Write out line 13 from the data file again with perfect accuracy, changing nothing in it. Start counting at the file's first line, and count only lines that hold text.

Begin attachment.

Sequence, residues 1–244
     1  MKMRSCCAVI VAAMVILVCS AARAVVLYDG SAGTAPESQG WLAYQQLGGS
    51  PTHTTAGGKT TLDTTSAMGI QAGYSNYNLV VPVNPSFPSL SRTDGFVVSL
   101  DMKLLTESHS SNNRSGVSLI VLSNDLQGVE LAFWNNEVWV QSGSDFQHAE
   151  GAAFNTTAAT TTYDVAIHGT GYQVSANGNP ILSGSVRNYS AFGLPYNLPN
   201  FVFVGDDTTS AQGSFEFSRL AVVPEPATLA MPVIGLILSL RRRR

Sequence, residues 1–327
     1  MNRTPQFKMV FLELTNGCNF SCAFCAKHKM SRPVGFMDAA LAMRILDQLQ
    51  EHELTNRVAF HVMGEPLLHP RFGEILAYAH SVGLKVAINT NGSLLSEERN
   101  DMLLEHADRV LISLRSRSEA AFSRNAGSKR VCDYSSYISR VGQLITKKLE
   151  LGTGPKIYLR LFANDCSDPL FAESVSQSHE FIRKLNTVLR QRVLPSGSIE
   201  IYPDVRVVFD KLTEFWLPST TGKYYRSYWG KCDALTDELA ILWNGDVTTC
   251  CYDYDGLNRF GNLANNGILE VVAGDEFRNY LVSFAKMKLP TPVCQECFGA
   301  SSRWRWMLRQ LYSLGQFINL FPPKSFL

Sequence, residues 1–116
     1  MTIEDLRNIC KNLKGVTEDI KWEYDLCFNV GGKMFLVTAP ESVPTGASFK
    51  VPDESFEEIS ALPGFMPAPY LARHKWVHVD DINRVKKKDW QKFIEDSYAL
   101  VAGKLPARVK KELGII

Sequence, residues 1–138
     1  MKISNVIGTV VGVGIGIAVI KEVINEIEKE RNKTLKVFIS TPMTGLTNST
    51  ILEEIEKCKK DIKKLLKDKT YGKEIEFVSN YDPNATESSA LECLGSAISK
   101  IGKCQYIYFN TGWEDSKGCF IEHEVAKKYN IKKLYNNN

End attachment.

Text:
   251  CYDYDGLNRF GNLANNGILE VVAGDEFRNY LVSFAKMKLP TPVCQECFGA